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Three Pussy Riot members sentenced to two years behind bars

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Guilty.

The three accused and their lawyer weren’t surprised. They’d anticipated the outcome long before the judge rendered his verdict on Friday in Russia.

They were sentenced to two years in prison by Moscow’s Khamovnichesky District Court.

It all began on February 21 when, in a priests-only section of Moscow's Cathedral of Christ the Savior, three members of Pussy Riot, a Russian feminist punk-rock musical collective, staged an impromptu anti-Putin performance which lasted about a minute.

One week after the performance, an edited video piece appeared on Youtube and a week later the police were instructed to arrest the group’s known members.

Maria Alekhina, 24, the mother of 5 year-old boy, Nadezhda Tolokonnikova, 23, the mother of 4 year-old girl and Ekaterina Samucevich, 29, were charged with hooliganism.

Since March 4, the women have sat in pre-trial detention.

In court, the women said that they were protesting the Orthodox Church's support for Putin and didn't intend to offend religious believers.

Following the judge’s verdict, the protests began immediately.

“Hundreds of Pussy Riot supporters waiting outside the Moscow courtroom chanted ‘Down with the police state’ when the sentence was announced,” said CBC News. “Dozens were detained, including several opposition leaders.”

In Toronto, several protesters wore orange, pink, grey or blue stockings over their heads with holes cut out for their eyes and mouth, similar to the ones worn by Pussy Riot on February 21. 

The sound of bagpipes blasted out near the southeast corner of Bloor and Church streets, outside the Russian Consulate.

On the sidewalk curb, a young woman dressed in black scrawled “Free Pussy Riot” in chalk.

Amidst the crowd, a Russian woman carried a sign that read “Vladimir Pussy. Free Riot Now.”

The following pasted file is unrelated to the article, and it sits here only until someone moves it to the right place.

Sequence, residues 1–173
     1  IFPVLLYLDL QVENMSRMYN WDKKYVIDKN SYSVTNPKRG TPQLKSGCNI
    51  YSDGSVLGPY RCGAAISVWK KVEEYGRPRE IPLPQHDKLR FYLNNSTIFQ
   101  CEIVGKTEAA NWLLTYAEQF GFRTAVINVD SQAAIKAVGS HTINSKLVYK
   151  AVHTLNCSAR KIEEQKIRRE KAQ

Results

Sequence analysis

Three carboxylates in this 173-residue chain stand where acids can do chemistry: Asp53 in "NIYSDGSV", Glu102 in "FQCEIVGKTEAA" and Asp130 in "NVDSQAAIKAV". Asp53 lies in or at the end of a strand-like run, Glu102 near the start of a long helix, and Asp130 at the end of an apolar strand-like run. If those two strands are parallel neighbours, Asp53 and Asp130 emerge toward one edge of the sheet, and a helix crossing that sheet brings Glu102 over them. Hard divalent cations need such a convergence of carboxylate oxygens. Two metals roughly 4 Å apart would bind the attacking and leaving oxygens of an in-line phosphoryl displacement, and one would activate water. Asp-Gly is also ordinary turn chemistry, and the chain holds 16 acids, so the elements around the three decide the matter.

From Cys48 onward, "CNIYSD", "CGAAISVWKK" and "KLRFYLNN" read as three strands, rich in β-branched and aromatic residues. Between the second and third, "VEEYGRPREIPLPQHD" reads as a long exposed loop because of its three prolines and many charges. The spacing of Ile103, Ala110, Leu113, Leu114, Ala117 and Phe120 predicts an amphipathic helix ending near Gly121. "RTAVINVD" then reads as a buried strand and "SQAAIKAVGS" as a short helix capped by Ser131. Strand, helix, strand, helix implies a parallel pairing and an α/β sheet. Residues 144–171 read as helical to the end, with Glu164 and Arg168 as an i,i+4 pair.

She came to Canada seven years ago.

“If it had been in Canada or the United States, they would have been forced to pay a fine and maybe do some community service,” said Danara Dourdoussova. 

“In Russia, they were about to go to jail for seven years. And now it’s (only) two years because of actions like these.”

Dourdoussova said what happened to Pussy Riot is only the tip of the iceberg.

“It’s happening on a larger scale to ordinary citizens,” she said. “There are hundreds of people in jail right now in Russia on fabricated cases and this is just an example of it.”

A few hundred protesters occupied the corner, huddled together, while the media conducted interviews, took photos and shot video.

Shortly after noon, the group began a chorus of chants: “Free Pussy Riot” and “Free Speech. Don’t Try It.You’ll Go To Jail Like Pussy Riot.”

But the chanting broke off almost as quickly as it started.

Nearby, a masked woman chalked “Free Pussy Riot” on the red skirt of another woman whose face was concealed under an orange stocking.

Several others produced chalk-written messages on the sidewalk in connection with free speech andrepression.

And then the speeches began.

Rally organizer Lynn Flatley encouraged anyone to step up and speak their mind about the Pussy Riot verdict.

“This is a case that really exemplifies the dangers for any nation in violating church state separation and mixing religion with the strong arm of government,” said Justin Trottier from the Centre for Inquiry, an organization dedicated to fostering a secular society based on science, reason, freedom of inquiry, and humanist values.

“Pussy Riot succeeded in letting the world know just how dangerous those ties are.”

Three years ago, Alexandra Grishanova came to Canada from Russia. She attended Friday’s rally in Toronto because she wants the whole world to know what’s happening in her home country.

“There is no justice in that country,” said Grishanova.

“The decisions that are made by judges are politically motivated. This wasn’t about religion. It was fabricating so they could throw in jail some girls who stepped on the toes of a patriarch and the president.”

Then a man stepped out of the crowd, gripped the megaphone and reminded the group that what happened in Russia is “terrible” but not to get sidetracked from what’s going on in Canada.

“Don’t be diverted,” said John Liss. “We have problems with human rights in Canada too.”

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